7) At present treatment protocols (rituximab and IVIG) may not be a cure for some, but an effective management tool to stabilize their condition and minimize any exacerbation of symptoms. What do you recommend as effective ways to support these treatments? – specifically patients looking for daily activities to better manage the fluctuations of their condition.


  • Regular exercise (healthy weight)
  • Set sleep and rests
  • Set Routine
  • Cognitive challenges
  • Diet
  • Meditation/relaxation therapies

Dr. Perna: I will provide a brief response to this question though I believe the aforementioned issues are very important in promoting brain, immune, and overall health. Considerable empirical research suggests that exercise benefits many aspects of our health including the brain and that about four or more hours of exercise per week can often produce measureable benefits to brain functioning and mood management. Adequate sleep and an adequate and balanced diet have also been shown to be very important though these are things that often are not well managed. Having relaxation time or medication can also bestow various health benefits, but unfortunately people don’t always allow themselves time for these activities. Many people mistakenly assume sleep and these other activities are the same and they are not. Your list also includes having routines and structure. These can be very helpful and not only allow people to more efficiently use their time and feels a greater sense of control, but make life feel less chaotic and less stressful. The list also mentions diet and a diet high in certain things may increase risks, for example heavy alcohol or caffeine may since the risk of seizures and a diet heavy is salt and sugar may have a negative effect on the immune system. So, my short answer is that someone trying to recover from AE should take control of all these to optimize their health and give them the best chance to overcome AE.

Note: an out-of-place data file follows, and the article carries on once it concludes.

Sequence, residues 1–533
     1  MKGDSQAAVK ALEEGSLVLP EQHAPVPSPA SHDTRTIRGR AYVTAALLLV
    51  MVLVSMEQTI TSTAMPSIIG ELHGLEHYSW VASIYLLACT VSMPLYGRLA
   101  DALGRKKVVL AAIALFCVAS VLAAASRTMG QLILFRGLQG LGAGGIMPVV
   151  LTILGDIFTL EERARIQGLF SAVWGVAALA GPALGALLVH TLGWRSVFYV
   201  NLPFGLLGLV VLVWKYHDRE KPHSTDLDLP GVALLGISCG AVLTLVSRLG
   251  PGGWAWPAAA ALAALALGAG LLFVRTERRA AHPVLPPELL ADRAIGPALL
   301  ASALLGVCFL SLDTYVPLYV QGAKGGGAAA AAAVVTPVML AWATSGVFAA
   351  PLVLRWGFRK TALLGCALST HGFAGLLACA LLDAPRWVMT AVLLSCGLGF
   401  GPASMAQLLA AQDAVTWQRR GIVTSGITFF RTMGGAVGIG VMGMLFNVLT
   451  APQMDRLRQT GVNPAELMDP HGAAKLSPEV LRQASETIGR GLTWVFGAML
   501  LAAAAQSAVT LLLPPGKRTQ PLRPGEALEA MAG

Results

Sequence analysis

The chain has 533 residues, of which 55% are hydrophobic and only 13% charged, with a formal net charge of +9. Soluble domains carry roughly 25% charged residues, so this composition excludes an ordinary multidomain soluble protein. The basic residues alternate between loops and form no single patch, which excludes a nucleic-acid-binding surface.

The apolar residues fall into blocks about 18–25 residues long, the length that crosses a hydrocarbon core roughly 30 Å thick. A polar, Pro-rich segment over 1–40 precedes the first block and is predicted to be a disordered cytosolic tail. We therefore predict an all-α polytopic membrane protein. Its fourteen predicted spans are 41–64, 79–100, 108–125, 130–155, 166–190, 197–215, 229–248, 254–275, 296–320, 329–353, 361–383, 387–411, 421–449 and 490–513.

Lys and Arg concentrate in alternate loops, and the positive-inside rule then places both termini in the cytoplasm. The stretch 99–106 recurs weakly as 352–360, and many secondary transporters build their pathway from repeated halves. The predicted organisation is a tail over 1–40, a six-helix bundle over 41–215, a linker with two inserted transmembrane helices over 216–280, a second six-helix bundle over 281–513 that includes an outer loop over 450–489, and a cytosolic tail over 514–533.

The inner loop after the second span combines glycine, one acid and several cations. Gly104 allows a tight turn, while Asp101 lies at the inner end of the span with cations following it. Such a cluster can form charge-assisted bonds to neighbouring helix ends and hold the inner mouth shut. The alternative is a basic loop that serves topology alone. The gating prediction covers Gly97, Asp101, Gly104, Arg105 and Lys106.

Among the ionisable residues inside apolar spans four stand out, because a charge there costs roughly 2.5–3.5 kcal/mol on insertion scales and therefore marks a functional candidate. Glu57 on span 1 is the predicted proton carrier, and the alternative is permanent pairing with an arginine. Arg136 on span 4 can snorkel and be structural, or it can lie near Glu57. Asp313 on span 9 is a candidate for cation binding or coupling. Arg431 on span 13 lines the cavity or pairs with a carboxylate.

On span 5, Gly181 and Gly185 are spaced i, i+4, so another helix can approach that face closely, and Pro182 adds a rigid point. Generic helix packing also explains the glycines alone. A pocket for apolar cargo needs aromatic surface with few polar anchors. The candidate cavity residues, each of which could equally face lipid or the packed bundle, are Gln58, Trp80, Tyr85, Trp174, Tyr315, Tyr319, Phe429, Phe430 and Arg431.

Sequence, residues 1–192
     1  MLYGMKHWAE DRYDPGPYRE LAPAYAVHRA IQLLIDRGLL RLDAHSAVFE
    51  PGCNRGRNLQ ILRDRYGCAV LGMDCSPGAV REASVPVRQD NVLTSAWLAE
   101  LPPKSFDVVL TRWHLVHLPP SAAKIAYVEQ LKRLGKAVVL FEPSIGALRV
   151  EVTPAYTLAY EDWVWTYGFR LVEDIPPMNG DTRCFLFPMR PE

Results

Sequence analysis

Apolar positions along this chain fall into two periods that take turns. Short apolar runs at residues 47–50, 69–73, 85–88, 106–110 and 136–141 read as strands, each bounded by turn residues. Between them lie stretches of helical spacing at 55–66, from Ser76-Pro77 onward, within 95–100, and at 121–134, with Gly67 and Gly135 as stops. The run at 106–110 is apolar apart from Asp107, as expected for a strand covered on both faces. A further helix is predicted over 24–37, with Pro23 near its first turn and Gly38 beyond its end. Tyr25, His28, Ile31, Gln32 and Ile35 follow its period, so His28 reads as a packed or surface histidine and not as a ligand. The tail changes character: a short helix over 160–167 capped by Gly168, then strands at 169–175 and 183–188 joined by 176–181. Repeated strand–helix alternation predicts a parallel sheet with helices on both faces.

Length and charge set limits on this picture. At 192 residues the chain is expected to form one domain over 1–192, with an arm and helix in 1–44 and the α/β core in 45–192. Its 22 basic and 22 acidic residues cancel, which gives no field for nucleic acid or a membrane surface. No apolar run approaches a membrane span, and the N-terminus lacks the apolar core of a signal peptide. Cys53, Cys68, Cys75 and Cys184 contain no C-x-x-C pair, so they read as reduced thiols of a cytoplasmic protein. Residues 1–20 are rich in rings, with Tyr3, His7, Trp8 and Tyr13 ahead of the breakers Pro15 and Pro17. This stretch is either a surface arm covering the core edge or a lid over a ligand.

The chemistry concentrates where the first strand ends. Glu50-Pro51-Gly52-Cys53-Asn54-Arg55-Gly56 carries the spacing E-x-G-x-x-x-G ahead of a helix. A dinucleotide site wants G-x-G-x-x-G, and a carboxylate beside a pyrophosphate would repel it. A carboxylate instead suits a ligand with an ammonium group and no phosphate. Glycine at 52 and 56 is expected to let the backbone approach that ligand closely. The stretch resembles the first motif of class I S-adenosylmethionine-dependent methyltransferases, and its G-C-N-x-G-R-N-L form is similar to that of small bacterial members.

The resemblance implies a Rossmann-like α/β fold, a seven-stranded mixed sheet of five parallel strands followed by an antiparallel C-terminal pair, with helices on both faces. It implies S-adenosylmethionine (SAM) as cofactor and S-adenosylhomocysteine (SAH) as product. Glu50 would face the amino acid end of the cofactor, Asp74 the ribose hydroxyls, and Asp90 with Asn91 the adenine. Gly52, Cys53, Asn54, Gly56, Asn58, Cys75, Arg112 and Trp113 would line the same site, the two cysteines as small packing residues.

8) Are you aware of common triggers that may have a negative effect on rehab within AE patients? Should patients actively avoid any activities that can trigger symptoms? Or should they be creating adaptive strategies to manage these potential triggers? – examples: noise, light, screen time, driving, physically exhausting activities etc. 

Dr. Perna: This is a complex question in that there are some common triggers for seizures in people with an altered seizure threshold (like many people with AE/LE) and there are some common factors that are associated with relapses and there are factors that negatively affect the bodies immune system and obviously that may affect AE. As for the seizures, some significant triggers are lack of sleep, fatigue, significant stress, alcohol use, heavy caffeine use, and flashing lights. Potential triggers for AE relapses are reducing or discontinuing medications for it. 

9) Autoimmune Encephalitis remains a relatively unknown illness amongst the general population, even throughout the medical community. Despite the relative unknowns, do you see rehabilitative connections between AE and other brain injuries as these patients may often encounter similar problems?

Dr. Perna: This is a good question in that AE/LE often causes a brain injury that is (after the acute stage) treatable by many of the same strategies/interventions. However, the onset, initial presentation, waxing and waning of symptoms, exacerbations, and range of psychiatric symptoms make this a much more complex disorder to treat than many of the more common types of brain injury.